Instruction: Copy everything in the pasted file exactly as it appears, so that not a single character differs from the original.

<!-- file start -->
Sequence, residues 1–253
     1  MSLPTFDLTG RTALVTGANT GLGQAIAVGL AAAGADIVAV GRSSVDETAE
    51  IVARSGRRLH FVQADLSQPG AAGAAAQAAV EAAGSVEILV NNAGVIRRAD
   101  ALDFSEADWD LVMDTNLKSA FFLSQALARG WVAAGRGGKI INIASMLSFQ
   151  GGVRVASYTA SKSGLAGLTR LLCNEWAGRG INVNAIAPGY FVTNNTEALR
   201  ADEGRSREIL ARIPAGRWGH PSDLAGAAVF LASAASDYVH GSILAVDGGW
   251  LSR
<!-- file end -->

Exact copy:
Sequence, residues 1–253
     1  MSLPTFDLTG RTALVTGANT GLGQAIAVGL AAAGADIVAV GRSSVDETAE
    51  IVARSGRRLH FVQADLSQPG AAGAAAQAAV EAAGSVEILV NNAGVIRRAD
   101  ALDFSEADWD LVMDTNLKSA FFLSQALARG WVAAGRGGKI INIASMLSFQ
   151  GGVRVASYTA SKSGLAGLTR LLCNEWAGRG INVNAIAPGY FVTNNTEALR
   201  ADEGRSREIL ARIPAGRWGH PSDLAGAAVF LASAASDYVH GSILAVDGGW
   251  LSR